When I was old enough I left home, joined the Army and earned an education. Now nearing retirement I am confidant that my husband and i can enjoy retirement because of careful choices and investment.
I cannot think that we have reached a point where opportunity is stagnant.
If so, then we have met the enemy, and he is us.
She doesn't buy into the idea that people cannot control their own destiny. She describes choices and lessons for life which enabled her to lead a successful life. She did not stay in poverty and rejects the idea it is a life sentence of misery and doesn't mention the need for a preschool program as a benchmark for success. Another reader writes:
Advances in preschool to be beneficial need to be continued and supported by children's families......I teach in Head Start...parents need to take responsibilty..Head Start offers that but and that is the question..
These commentors both mention the necessary roles of families for successful outcomes for children. They received few "recommended" scores while the comments imploring for more spending and "let's do it for the kids" overwhelming were highly supported.
Troy Robinson in the article Gail Collins, how much do you really care about children in poverty? published in The Aquila Report sets forth the premise that children find themselves in poverty because of the break down of the family vs the lack of universal preschool:
She is really concerned about growing poverty and a permanent under class. Applause. As a Christian, I am too. But what, Ms. Collins, what is the most basic reason for why children find themselves in poverty to begin with? Do you know or just refuse to care enough about the kids to say it publicly? (Hint: it ain’t the lack of pre-k education; there was hardly such a thing before that 40 year period you refer to). It’s the breakdown of the traditional family, like it or not. Now what will you do with that fact? Will you publicly promote the traditional family for the sake of children, or will your concern for them be effectively capped by an ideological pre-commitment?Read the entire article here.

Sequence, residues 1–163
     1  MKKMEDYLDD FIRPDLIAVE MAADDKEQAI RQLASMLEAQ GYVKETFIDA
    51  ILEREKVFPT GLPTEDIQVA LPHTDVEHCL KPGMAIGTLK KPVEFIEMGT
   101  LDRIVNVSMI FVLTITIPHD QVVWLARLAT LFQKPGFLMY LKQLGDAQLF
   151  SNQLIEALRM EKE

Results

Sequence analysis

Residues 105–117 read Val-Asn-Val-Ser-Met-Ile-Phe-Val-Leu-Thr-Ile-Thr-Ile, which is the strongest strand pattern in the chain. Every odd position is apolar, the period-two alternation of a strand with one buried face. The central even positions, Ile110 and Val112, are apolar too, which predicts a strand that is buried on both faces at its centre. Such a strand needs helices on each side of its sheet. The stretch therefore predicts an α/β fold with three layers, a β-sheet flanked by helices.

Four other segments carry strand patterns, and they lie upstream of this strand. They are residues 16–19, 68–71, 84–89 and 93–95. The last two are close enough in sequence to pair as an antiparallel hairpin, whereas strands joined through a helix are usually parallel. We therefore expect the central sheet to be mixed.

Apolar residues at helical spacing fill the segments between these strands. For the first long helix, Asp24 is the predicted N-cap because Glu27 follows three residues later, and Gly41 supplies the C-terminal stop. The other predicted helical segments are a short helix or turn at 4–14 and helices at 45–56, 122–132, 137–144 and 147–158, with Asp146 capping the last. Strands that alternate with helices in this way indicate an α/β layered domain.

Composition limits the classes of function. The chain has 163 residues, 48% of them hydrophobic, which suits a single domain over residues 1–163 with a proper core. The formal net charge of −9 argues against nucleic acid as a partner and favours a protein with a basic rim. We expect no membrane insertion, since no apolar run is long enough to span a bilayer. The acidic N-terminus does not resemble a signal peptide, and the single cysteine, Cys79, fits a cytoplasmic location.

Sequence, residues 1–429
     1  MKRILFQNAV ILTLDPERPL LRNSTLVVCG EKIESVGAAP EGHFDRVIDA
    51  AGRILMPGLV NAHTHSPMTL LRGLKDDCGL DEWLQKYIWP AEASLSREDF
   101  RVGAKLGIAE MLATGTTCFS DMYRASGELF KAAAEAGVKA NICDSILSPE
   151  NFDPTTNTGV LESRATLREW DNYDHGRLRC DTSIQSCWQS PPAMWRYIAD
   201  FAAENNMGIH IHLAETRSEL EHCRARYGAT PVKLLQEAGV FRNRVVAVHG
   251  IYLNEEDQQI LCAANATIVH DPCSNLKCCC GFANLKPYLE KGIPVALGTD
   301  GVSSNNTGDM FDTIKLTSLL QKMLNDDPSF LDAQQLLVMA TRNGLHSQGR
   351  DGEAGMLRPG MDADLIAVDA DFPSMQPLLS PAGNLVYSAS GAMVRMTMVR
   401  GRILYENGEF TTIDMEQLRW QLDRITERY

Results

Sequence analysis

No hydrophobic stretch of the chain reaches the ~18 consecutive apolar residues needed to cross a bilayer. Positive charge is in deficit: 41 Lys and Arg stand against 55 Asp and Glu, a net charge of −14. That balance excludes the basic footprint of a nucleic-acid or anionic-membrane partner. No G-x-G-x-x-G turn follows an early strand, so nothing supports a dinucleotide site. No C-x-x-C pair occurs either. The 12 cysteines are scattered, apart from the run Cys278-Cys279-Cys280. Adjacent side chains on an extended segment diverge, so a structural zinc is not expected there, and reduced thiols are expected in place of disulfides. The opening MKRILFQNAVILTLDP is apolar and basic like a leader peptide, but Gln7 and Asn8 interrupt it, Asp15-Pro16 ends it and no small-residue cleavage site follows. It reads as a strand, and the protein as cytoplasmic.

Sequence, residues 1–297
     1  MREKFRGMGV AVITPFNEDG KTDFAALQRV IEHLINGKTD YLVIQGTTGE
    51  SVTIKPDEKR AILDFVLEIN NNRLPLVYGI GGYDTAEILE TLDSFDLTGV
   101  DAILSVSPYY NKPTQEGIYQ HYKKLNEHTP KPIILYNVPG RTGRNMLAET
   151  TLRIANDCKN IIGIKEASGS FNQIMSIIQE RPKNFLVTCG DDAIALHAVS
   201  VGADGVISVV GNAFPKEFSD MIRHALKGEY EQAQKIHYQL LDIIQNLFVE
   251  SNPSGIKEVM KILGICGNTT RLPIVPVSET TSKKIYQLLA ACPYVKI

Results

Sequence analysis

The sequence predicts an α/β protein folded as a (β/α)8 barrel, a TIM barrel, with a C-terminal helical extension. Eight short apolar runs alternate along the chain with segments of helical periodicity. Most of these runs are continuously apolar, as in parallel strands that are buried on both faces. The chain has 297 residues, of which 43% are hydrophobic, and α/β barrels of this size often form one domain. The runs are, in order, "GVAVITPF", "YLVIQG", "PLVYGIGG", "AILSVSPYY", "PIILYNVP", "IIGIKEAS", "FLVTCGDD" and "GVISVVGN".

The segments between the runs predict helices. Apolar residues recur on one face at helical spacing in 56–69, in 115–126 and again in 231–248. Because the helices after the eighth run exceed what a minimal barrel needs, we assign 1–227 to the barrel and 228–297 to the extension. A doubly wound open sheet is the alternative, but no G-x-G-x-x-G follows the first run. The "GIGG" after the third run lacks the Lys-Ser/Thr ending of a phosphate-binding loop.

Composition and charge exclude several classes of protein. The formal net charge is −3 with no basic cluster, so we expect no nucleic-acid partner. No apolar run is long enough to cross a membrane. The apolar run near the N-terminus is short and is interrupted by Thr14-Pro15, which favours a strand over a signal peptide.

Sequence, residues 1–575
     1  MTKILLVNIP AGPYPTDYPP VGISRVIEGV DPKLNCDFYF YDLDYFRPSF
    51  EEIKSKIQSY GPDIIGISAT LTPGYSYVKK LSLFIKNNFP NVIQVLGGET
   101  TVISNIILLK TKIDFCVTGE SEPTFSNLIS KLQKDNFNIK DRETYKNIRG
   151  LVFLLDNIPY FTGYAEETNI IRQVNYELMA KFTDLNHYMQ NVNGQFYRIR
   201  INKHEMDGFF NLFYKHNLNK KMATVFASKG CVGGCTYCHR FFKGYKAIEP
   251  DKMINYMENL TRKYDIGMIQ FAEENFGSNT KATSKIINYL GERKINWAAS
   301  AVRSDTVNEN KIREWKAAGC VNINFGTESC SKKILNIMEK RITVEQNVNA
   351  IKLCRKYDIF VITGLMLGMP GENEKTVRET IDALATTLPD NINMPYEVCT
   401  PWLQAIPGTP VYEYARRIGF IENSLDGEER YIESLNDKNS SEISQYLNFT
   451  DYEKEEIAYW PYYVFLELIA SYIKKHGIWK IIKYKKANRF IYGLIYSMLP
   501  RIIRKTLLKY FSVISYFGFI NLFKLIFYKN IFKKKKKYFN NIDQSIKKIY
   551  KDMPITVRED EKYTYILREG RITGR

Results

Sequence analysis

Perhaps supporting a government program, however effective, will be enough to appease your guilt. But if you didn’t know before, I’m telling you now, the breakdown of the traditional family is the main cause by far of poverty, a well-established fact in the social science literature. What’s family breakdown? You know, the nice liberal gift we have been unwrapping for that same 40 year period you are so concerned about, in which the whole notion that certain family and sexual arrangements are to be morally preferred, supported, and politically promoted over others has been identified as totally unnecessary and even hate speech. And while celebrating the disappearance of any taboos and producing a culture uncritically accepting of any conceivable family arrangement, the unmistakable linkage of poverty (and crime, drop-outs, depression, drug-use, health, etc.) with family breakdown among our kids is simply ignored.
Will universal preschool solve the problem of the breakdown of the family? Will a government run program be an acceptable substitute for parental responsibility and training? What IS the ultimate goal of universal preschool and will it provide the emotional and social basics that parent(s) cannot provide and support in the home?